By Nicole Hess MS, CCC-SLP
EDITORS NOTE: Child-Psych is not affiliated with LENA and its not directly supported by LENA in any way. None of our bloggers receive any compensation from LENA.
BRIEFS Focus on language:
There is a new product on the market to assess language for children between the ages of 0-48 months. It is called the LENA (Language Environment Analysis) System. It uses a Digital Language Processor (DLR) to capture up to 16 hours of speech and then downloads and analyzes the information. It creates reports detailing child vocalizations, conversational turns, how much TV and electronic noise there is, and the amount of adult speech that the child is exposed to. The LENA System is based on five years of research and development and is the principle product for the LENA Foundation a not-for-profit organization created by the Philanthropists Terry and Judi Paul.
What is neat about LENA is that for the first time we are able to get a naturalistic and accurate assessment of the kids language without interference from the observer. For example, when a child comes into a testing environment, especially a child with a language delay, what you get is not always what is really there. Kids usually act differently in a testing environment as compared to how they act at home. With a device that the child can take home, wear for 16 hours, then bring back to the speech pathologist to analyze, parents and clinicians get real-time and real life data. Also you get an understanding of what kind of interaction the child is getting form adults, how much TV she is watching and the percentage of real speech verses vocalizations.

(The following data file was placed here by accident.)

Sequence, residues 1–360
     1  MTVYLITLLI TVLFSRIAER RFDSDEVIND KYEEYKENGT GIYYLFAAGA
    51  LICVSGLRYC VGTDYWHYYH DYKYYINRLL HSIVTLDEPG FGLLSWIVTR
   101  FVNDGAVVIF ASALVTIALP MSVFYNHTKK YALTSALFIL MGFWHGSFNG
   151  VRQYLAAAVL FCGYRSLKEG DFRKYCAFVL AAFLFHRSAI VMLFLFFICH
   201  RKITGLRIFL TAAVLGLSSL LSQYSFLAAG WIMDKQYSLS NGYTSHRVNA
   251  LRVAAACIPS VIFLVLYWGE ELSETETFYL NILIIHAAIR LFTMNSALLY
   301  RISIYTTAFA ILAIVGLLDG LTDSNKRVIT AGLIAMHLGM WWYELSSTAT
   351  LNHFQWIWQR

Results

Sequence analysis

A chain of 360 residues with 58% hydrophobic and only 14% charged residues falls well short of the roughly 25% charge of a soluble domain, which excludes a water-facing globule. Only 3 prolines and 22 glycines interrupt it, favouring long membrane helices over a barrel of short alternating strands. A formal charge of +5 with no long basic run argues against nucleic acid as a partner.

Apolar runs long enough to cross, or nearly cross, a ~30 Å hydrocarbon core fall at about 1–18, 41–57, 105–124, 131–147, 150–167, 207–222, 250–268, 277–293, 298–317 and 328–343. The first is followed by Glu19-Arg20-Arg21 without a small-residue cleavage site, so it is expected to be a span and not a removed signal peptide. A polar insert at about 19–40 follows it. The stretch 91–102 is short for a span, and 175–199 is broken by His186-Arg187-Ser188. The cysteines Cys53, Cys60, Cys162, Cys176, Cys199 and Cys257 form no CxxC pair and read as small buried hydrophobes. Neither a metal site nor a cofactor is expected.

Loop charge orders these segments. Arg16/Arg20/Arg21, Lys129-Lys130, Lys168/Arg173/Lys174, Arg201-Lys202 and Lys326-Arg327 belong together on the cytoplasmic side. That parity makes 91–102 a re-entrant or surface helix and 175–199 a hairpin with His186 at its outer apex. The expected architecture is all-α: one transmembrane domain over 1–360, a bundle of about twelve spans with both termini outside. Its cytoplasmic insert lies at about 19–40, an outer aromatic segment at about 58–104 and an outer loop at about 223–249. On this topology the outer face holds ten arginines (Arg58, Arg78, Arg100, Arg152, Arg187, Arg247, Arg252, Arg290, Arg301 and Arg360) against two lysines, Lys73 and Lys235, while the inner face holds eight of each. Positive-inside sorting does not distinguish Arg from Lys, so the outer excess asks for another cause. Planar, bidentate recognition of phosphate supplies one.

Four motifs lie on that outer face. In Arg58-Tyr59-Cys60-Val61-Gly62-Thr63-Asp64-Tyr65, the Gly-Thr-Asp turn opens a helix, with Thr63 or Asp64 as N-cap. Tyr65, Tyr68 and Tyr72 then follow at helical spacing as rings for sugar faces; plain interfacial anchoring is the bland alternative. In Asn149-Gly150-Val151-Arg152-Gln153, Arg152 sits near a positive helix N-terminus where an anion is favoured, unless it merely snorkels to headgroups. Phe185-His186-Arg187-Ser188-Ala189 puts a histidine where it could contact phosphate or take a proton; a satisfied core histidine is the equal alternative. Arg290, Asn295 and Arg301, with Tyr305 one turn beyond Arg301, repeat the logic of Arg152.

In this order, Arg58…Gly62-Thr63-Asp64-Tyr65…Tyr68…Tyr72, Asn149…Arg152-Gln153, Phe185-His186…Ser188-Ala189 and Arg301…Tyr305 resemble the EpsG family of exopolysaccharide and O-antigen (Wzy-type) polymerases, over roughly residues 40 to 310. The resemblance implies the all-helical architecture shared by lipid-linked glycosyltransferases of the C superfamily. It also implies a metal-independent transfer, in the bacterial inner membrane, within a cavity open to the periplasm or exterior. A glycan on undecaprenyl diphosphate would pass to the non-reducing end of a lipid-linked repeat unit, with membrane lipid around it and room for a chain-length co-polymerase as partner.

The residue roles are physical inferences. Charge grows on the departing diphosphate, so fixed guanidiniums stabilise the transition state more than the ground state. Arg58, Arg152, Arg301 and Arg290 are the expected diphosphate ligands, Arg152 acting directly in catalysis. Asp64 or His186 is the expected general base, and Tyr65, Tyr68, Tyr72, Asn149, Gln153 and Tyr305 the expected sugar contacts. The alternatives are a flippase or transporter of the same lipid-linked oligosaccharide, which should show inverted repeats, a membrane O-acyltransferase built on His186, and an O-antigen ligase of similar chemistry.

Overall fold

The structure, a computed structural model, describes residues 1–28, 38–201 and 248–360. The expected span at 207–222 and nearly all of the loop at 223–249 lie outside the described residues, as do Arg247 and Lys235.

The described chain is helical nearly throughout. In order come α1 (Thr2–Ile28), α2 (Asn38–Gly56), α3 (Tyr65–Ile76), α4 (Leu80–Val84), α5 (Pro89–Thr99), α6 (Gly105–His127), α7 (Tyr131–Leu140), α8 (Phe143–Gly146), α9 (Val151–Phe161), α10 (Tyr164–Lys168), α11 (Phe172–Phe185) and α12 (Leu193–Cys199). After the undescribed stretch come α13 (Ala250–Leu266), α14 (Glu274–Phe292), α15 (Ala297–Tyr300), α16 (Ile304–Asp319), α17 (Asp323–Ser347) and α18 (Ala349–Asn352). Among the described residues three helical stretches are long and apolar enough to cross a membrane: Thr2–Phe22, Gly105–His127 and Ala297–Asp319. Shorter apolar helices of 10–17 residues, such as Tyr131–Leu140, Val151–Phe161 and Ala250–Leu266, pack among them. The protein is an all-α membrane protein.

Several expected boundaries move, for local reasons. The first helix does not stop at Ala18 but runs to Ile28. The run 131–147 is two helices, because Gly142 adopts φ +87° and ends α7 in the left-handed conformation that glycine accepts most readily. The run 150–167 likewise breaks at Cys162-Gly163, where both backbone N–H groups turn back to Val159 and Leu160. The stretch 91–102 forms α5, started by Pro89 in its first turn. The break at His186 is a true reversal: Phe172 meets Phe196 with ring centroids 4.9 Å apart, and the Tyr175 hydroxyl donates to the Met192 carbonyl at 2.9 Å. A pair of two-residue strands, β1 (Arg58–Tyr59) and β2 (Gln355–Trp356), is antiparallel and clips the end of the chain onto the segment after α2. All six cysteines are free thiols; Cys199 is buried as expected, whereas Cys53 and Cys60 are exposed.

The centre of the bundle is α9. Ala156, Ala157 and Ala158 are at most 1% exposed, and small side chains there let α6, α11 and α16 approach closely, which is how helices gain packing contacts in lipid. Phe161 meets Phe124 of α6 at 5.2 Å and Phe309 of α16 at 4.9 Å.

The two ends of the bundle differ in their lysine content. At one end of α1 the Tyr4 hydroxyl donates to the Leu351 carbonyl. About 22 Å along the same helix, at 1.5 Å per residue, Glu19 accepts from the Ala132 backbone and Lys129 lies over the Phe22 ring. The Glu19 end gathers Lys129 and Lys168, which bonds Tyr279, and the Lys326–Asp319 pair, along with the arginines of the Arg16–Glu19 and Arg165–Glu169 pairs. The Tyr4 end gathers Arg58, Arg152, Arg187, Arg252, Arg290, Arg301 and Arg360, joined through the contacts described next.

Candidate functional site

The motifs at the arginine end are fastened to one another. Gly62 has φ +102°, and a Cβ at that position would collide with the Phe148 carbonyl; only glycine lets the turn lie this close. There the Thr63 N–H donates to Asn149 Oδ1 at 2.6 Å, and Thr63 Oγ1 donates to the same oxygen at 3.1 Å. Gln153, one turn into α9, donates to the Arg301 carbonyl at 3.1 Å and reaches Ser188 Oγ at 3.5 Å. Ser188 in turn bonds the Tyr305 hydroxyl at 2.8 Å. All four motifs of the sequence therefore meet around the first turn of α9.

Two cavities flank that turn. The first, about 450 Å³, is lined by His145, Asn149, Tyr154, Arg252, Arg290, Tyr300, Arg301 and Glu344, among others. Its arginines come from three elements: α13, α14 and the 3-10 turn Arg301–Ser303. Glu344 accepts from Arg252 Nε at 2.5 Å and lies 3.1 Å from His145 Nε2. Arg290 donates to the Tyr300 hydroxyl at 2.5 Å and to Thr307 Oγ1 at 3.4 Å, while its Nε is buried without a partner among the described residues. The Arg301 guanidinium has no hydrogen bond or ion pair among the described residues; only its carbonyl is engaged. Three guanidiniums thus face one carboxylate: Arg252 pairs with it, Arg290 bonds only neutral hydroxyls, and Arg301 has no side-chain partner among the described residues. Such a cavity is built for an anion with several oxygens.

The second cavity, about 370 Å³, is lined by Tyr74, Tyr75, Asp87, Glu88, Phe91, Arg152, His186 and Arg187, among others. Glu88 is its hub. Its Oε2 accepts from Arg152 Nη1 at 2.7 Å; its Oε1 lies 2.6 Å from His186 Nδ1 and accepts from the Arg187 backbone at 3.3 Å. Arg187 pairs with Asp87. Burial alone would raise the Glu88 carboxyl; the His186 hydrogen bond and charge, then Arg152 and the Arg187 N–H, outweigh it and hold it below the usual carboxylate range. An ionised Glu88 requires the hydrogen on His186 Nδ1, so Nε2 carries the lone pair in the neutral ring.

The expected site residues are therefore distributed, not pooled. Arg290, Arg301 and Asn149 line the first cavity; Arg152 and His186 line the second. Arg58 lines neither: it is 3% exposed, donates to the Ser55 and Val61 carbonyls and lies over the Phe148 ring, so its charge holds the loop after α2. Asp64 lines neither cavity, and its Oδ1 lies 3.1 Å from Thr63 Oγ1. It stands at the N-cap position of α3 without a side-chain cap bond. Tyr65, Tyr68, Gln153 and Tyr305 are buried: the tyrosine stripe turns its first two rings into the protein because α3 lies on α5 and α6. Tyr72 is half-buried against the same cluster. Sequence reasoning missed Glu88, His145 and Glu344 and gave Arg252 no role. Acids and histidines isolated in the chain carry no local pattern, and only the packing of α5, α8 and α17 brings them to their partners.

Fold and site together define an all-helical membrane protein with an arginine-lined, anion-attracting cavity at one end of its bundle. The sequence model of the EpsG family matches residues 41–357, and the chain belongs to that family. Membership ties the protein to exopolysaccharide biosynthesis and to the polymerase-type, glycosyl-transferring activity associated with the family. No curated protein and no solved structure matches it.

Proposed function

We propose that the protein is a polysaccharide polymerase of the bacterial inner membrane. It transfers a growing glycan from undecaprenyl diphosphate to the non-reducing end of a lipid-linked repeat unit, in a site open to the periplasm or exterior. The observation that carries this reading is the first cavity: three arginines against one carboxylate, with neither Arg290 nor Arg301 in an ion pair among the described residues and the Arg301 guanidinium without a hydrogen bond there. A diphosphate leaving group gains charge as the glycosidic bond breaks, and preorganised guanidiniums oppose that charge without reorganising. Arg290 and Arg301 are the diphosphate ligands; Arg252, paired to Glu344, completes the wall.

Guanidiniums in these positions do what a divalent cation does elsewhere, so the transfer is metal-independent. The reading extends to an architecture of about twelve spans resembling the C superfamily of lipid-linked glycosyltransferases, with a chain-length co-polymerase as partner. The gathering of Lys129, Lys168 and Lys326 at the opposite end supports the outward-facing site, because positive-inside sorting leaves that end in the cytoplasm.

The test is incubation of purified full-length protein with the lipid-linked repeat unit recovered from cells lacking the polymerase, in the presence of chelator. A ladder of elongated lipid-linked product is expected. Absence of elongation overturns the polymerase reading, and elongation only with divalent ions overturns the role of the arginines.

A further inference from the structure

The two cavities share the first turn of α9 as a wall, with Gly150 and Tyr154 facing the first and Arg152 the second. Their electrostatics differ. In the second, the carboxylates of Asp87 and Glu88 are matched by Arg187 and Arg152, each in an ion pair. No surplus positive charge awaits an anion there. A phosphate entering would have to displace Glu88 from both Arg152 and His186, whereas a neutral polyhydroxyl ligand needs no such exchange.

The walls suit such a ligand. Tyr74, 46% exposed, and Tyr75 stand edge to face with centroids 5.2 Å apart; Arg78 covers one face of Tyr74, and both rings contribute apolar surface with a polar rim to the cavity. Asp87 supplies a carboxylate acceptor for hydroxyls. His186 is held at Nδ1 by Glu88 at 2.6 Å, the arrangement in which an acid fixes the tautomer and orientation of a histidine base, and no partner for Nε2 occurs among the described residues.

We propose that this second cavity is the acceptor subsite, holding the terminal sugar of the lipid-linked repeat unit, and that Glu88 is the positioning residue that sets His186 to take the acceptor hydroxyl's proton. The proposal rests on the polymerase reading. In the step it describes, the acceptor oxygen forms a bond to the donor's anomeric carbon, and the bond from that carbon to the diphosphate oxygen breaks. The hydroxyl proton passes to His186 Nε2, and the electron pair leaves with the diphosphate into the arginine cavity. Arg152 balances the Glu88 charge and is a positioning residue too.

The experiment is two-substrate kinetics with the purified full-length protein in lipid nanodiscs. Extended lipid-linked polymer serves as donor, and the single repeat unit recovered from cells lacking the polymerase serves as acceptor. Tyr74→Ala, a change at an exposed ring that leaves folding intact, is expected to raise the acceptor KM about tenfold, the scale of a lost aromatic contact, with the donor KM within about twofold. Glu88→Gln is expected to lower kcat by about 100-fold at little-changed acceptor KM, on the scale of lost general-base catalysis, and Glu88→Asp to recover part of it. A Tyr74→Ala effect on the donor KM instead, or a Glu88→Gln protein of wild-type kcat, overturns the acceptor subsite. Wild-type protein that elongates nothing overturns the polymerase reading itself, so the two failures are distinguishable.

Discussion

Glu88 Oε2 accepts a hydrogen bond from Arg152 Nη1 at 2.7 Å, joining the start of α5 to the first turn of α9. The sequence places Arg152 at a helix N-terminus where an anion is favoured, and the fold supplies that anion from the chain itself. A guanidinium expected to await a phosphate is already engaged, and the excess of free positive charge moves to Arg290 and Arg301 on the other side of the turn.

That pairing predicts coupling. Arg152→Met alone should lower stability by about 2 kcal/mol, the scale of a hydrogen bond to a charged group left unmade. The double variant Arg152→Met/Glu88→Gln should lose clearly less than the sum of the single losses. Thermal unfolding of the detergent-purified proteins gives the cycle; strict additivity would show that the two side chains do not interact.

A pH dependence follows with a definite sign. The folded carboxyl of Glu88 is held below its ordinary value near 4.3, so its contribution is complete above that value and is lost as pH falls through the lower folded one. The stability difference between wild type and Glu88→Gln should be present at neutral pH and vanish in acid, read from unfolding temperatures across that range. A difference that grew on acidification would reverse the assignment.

LENA is being marketed for parents to purchase so that they can analyze their child’s development and also monitor their own behavior to increase verbal interaction with the child. We know that the more you talk/read/interact with a child the more vocabulary they will have, and that the first three years of life have the biggest impact on language development. However, the device does not analyze syntax or grammar. The sheer number of words a child speaks is important but the variety and type of sentences they speak is also important. In addition, if a parent is concerned about a child’s development and wants to use the device, the parent should seek the advice of a speech and language professional and use the device as a tool to guide their work with the clinician. Oh, and it is expensive: $699.
LENA has research implications too. Right now there are four presentations and a poster session at the Society of Research and Development (SRCD) in Denver, CO, dedicated to the device. SRCD is one of the largest professional conference for child development researchers around the world. Research data that in the past would have taken many man-hours to collect can now be done in the subject’s home and analyzed in minutes. It also takes a lot of human error (the observer phenomenon) out of the mix. In addition, the LENA Foundation is working to create an autism screening. The theory is that there are unique vocal markers that differentiate a child with autism from one that does not. The screening tool was able to distinguish between the two groups with better than 85 percent accuracy between the ages of 24-48 months. They hope to improve on that and are in the process of peer review of the initial research reports and conducting more reliability and validity studies.
I think it is important with any technology to remember that it is just one tool and that there is no substitute for good old human interaction. Here is the link to LENA: http://www.lenababy.com and the
The media story about the SRCD presentation